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||Leni Riefenstahl (1902-2003)|
German dancer, actor, director and photographer, whose films Triumph of the Will (1935), an NSDAP production, and the two-part Olympia (1938) are the most famous examples of National Socialist documentary propaganda. After World War II Riefenstahl's movie career in West Germany was practically over, although she never was a member of the Nazi party. When Hitler's architect Albert Speer spent the rest of his life analysing how his character was corrupted by fame and power, Riefenstahl refused to admit guilt for her past.
"If the director, who should always edit his own work, is musically gifted, he will compose with images and sounds, the way a musician composes according to the laws of counterpoint." (Riefenstahl in A Memoir, 1987)
Helena Bertha Amalie Riefenstahl was born in Berlin into a wealthy family. Her father, Alfred Riefenstahl, owned a heating and ventilation firm. He was an authoritative figure, who did not tolerate opposition. Riefenstahl's mother Bertha tried to mediate between her husband and daughter, who suffered from her father's sternness and coldness. Once when she was caught stealing apples, she was given a whipping and locked in a dark room for a day. Later Riefenstahl has said, that when she played chess with him, she always had to let him win to avoid upsetting him.
In her childhood, Riefenstahls's favorite pastime was reading
fairy tales; magic and fantasy also labelled her own works later as a
director and photographer. Riefenstahl was educated at the
Realgymnasium in Berlin. In 1918-1919 she studied art at the
Kunstakadmie. Because her father did not accept her plans to become an
actress, she took secretly dancing lessons at the Grimm-Reiter School.
At the age of 21, Riefenstahl lost her virginity and gave her first
ballet performance. The former experience was less enjoyable. "Was this love? I felt
nothing but pain and disappointment," she wrote in her autobiography. (A Memoir by Leni Riefenstahl, 1993, p. 33)
A knee injury forced Riefenstahl to stop her dancing. Then determined to be a film star, Riefenstahl managed to win the confidence of Dr. Arnold Fanck, the founder of the Bergfilm (mountain film) genre. She was casted in three of Fanck's productions, in which her beautiful looks were set for her disappointment secondary to the beauty and purity of the mountains. However, during this period she started to learn filmmaking. Possibly she had an affair with Harry Sokal, who worked for the Austrian Credit Bank, and served as her producer. Sokal was forced to leave Germany in 1933 because he was a Jewish.
The first movie Riefenstahl directed was Das Blaue Licht (1932, The Blue Light), which she also produced, edited and co-wrote with the Jewish film critic and playwright Béla Balázs. The Blue Light was released through Riefenstahl's own company. In 1938, when the film was reissued, Balázs's name was removed from the credits. By that time, Balázs had escaped to Moscow.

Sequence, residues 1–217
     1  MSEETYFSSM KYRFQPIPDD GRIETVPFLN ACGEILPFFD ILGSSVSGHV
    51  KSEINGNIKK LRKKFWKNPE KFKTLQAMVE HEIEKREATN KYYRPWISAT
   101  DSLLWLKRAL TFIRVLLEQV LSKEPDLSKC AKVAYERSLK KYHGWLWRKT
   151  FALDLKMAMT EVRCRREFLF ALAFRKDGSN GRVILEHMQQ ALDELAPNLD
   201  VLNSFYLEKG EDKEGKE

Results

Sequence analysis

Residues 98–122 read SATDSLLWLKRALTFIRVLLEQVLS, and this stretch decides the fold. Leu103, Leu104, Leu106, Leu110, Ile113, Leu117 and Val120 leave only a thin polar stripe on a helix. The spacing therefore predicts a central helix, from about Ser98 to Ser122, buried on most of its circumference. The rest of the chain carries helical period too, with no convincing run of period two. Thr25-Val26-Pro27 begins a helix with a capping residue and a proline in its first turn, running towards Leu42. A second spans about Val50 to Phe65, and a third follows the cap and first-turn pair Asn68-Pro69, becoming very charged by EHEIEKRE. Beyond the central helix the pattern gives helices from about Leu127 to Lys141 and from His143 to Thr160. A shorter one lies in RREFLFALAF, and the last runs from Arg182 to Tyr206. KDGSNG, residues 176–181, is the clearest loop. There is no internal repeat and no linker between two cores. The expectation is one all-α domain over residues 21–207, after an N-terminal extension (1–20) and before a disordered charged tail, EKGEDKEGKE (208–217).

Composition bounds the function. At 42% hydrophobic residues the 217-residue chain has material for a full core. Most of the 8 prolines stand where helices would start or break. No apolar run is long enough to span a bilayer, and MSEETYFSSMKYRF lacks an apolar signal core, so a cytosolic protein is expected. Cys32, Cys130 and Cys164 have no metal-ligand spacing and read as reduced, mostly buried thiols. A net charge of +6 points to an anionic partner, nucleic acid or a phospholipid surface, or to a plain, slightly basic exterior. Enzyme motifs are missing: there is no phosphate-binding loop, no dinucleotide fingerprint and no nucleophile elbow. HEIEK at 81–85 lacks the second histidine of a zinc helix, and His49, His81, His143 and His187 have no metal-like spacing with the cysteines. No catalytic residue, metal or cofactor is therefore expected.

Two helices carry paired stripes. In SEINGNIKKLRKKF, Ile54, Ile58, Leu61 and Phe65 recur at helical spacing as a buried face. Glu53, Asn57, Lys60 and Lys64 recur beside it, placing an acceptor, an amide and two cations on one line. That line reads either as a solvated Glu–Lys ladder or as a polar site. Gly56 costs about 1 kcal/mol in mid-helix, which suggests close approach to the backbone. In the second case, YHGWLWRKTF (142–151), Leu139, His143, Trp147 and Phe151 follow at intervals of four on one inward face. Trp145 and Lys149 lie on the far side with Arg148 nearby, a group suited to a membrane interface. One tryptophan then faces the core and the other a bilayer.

In May 1932 Riefenstahl met Hitler for the first time. Hitler
was an avid moviegoer and reader, and he had seen The Holy Mountain,
in which Riefenstahl danced on the sea, and The Blue Light,
which had won the Silver Medallion at the 1932 Biennalle in Venice. Dr.
Joseph Goebbels, the Minister of Propaganda, saw Riefenstahl as "the
only one of all the stars who understands us". (Leni Riefenstahl: The Seduction of Genius by Rainer Rother, 2002, p. 51) Goebbels repeatedly subjected her
to sexual harassment. Her enemies spread the rumor that she was of Jewish descent.
Impressed by her cinematic skills, Hitler commissioned Riefenstahl to make a feature-lenght film of the Nuremberg Party Rally of 1934. Riefenstahl had already made one documentary, Sieg des Glaubens (1933, Victory of the Faith) of the 1933 Nazi party rally, which was thought to have been lost at the end of the war. The result was Triumph of the Will, considered the most remarkable propaganda piece ever made. Much has been written about its opening shot, in which Führer comes from the clouds. The following sequences are a kind of travel documentary of the city of Nuremberg, accompanied with Wagnerian music, but occasionally seen through the eyes of Hitler. Riefenstahl constantly cuts from panoramic long-shots to close-ups. Triumph of the Will ends in Hitler's speech and the marching S.A. men. In the center is always the person of the Führer, he is the leading man, idolized from distance by the director, the leading lady, through her camera. After the war, much of its footage was used in anti-Nazi films, such as Erwin Leisner's Mein Kampf (1961). The Spanish director Luis Buñuel also tried to rework in 1941 Triumph of the Will. He showed his results in New York to Charlie Chaplin, who couldn't stop laughing.